Although few small and medium-sized enterprise owners will ever take their companies public, it’s useful nevertheless for business owners to keep an eye on what’s going on with stock exchanges, if for no other reason, because they provide some interesting benchmarks.
What surprised me about the most recent statistics (see top chart) is that:
(a) The Alternative Investment Market (AIM) in London leads by number of listed companies;
(b) The Moscow Stock Exchange dwarfs both Warsaw and the AIM in terms of market capitalisation;
(c)The Central European exchanges, such as Vienna, Athens, Budapest and Ljubljana have very puny capitalisations (although Athens has a respectable number of companies listed).
Results concerning liquidity were equally surprising:
(a) The Moscow Stock Exchange once again dominated with respect to value of shares traded, at least during the month of September 2012. Istanbul was surprisingly close behind.
(b) The AIM still dominated in terms of number of trades.
(c) Warsaw had more value of shares traded, but far less number of trades, than the AIM.
(d)The remaining Central European exchanges once again had very low levels, both in terms of value of shares traded and number of trades.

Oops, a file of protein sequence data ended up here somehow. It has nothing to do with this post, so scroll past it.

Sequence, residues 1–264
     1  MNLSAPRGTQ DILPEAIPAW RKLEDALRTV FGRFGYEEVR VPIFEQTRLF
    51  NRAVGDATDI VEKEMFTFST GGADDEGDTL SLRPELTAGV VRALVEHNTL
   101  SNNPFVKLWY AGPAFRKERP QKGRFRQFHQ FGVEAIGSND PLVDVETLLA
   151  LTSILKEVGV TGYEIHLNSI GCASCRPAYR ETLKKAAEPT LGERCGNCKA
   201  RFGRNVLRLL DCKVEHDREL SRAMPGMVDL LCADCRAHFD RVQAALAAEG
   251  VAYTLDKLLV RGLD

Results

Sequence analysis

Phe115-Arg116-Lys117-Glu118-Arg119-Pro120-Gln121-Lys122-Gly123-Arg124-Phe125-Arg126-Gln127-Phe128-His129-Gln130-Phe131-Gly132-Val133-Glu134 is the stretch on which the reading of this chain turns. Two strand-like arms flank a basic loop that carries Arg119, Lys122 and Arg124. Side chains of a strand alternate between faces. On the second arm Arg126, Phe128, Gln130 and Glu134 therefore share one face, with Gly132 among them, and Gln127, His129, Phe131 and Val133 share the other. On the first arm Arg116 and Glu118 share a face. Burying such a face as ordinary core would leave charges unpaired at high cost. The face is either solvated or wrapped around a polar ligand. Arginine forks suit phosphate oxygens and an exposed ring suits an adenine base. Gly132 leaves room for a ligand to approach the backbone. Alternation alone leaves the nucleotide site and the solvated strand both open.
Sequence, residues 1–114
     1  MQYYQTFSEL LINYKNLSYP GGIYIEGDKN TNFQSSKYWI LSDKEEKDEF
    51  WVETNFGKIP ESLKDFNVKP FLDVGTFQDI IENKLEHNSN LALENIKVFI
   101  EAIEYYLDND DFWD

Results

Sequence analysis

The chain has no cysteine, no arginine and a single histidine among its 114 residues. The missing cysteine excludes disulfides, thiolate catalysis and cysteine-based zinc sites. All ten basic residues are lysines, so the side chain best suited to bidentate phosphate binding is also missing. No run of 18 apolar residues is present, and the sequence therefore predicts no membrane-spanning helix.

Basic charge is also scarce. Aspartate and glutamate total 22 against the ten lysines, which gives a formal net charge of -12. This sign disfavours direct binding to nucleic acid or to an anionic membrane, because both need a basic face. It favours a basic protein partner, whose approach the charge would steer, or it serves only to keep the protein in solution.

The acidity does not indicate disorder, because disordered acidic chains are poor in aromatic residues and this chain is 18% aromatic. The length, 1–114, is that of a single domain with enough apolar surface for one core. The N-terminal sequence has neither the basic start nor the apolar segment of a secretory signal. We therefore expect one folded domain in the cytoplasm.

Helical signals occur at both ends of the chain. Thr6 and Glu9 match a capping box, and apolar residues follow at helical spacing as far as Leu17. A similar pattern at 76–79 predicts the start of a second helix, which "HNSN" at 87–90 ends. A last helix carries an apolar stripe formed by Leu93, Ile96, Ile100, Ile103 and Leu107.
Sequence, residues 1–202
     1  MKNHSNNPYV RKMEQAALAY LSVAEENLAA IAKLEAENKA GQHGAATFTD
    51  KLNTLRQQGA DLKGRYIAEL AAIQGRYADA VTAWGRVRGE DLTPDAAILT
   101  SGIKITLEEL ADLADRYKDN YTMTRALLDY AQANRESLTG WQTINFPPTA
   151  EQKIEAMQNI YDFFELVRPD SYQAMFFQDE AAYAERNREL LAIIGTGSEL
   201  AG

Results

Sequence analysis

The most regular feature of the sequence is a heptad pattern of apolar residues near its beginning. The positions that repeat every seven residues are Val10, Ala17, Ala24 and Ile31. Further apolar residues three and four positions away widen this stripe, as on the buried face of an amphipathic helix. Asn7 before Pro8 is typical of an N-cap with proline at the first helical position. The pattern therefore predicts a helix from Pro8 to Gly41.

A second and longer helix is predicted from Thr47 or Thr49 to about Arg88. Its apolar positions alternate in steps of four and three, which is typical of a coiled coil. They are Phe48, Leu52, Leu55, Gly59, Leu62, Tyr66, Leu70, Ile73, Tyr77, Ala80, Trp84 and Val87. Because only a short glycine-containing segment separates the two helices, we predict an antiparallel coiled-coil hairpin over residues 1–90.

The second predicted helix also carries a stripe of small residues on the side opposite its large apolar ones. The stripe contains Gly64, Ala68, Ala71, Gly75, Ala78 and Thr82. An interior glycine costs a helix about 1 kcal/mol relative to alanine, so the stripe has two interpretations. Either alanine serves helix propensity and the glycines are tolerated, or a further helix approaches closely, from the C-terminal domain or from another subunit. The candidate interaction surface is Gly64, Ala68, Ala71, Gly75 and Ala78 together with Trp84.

In a way, the results concerning Russia are not that surprising. Size of country and economy, at some point, should translate into size of stock exchanges. The Moscow Stock Exchange finally seems to be coming of age. Istanbul also benefits from size and momentum of the Turkish economy.
In this day and age, companies are increasingly listing on stock exchanges other than in their home country, or obtaining multiple listings. Hence it is worth keeping an eye on what is going on throughout the continents.
For companies in Central Europe that wish to go public, the AIM and the Warsaw Stock Exchange are two options that should still be seriously considered.